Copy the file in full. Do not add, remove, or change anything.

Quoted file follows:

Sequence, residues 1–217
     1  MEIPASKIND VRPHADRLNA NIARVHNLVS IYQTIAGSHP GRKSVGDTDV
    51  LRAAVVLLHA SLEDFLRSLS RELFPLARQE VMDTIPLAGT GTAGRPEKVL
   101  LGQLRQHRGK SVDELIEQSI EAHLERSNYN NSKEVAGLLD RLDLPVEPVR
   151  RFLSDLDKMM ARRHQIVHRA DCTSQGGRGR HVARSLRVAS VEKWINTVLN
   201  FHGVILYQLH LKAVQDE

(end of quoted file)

Sequence, residues 1–217
     1  MEIPASKIND VRPHADRLNA NIARVHNLVS IYQTIAGSHP GRKSVGDTDV
    51  LRAAVVLLHA SLEDFLRSLS RELFPLARQE VMDTIPLAGT GTAGRPEKVL
   101  LGQLRQHRGK SVDELIEQSI EAHLERSNYN NSKEVAGLLD RLDLPVEPVR
   151  RFLSDLDKMM ARRHQIVHRA DCTSQGGRGR HVARSLRVAS VEKWINTVLN
   201  FHGVILYQLH LKAVQDE